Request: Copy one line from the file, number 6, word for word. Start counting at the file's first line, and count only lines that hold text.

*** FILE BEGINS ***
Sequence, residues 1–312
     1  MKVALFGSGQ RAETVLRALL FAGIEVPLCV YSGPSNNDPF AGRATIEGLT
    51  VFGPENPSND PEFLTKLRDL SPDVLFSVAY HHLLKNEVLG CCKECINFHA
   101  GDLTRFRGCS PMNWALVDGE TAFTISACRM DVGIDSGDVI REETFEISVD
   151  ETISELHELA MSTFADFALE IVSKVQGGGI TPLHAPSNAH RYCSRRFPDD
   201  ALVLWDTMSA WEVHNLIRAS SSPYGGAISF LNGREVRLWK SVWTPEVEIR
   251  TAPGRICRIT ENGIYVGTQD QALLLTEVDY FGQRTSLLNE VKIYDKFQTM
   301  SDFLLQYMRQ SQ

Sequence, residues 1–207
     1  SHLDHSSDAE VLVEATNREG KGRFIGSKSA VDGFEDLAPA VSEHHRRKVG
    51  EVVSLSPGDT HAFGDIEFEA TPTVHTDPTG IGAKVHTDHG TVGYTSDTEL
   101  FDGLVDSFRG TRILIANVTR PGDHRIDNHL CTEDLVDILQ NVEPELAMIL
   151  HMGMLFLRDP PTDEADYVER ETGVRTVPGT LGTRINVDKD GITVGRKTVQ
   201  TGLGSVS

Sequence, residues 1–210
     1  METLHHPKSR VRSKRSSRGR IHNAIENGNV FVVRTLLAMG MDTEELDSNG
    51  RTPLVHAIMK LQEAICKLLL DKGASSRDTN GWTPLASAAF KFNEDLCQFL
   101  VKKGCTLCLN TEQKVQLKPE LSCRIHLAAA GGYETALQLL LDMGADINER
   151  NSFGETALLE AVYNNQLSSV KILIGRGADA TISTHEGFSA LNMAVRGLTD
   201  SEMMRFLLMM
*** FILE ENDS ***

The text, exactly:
   201  ALVLWDTMSA WEVHNLIRAS SSPYGGAISF LNGREVRLWK SVWTPEVEIR